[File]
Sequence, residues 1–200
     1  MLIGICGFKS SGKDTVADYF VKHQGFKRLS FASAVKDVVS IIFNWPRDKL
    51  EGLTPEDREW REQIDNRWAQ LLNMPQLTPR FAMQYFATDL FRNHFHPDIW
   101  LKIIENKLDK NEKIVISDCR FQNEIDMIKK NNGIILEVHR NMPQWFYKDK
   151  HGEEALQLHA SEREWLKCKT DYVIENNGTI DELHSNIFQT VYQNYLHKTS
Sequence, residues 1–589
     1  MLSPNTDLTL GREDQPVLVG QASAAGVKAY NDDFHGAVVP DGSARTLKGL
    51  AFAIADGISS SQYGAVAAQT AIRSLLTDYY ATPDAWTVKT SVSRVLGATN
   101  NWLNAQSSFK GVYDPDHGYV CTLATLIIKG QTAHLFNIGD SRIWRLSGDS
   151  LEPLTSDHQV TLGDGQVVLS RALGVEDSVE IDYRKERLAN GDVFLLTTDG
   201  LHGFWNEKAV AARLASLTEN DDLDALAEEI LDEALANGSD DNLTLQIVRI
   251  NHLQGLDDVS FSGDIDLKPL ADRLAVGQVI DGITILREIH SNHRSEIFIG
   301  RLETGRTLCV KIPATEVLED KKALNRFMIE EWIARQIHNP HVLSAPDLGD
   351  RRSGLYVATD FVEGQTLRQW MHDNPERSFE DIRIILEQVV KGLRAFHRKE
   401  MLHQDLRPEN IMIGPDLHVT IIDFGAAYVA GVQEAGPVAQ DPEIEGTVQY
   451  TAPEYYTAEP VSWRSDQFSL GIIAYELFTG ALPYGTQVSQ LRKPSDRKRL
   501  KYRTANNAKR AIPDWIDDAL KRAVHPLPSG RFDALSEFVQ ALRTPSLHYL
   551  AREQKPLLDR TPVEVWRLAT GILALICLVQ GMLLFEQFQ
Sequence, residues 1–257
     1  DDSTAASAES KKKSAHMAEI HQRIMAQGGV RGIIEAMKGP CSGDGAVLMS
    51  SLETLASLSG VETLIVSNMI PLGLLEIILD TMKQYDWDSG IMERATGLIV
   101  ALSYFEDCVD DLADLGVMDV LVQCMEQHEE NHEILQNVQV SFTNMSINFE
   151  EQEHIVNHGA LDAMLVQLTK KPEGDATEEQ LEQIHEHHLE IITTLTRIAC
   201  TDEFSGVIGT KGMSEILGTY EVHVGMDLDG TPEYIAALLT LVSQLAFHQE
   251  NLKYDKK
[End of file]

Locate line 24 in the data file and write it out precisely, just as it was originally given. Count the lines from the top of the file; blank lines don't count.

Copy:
   201  TDEFSGVIGT KGMSEILGTY EVHVGMDLDG TPEYIAALLT LVSQLAFHQE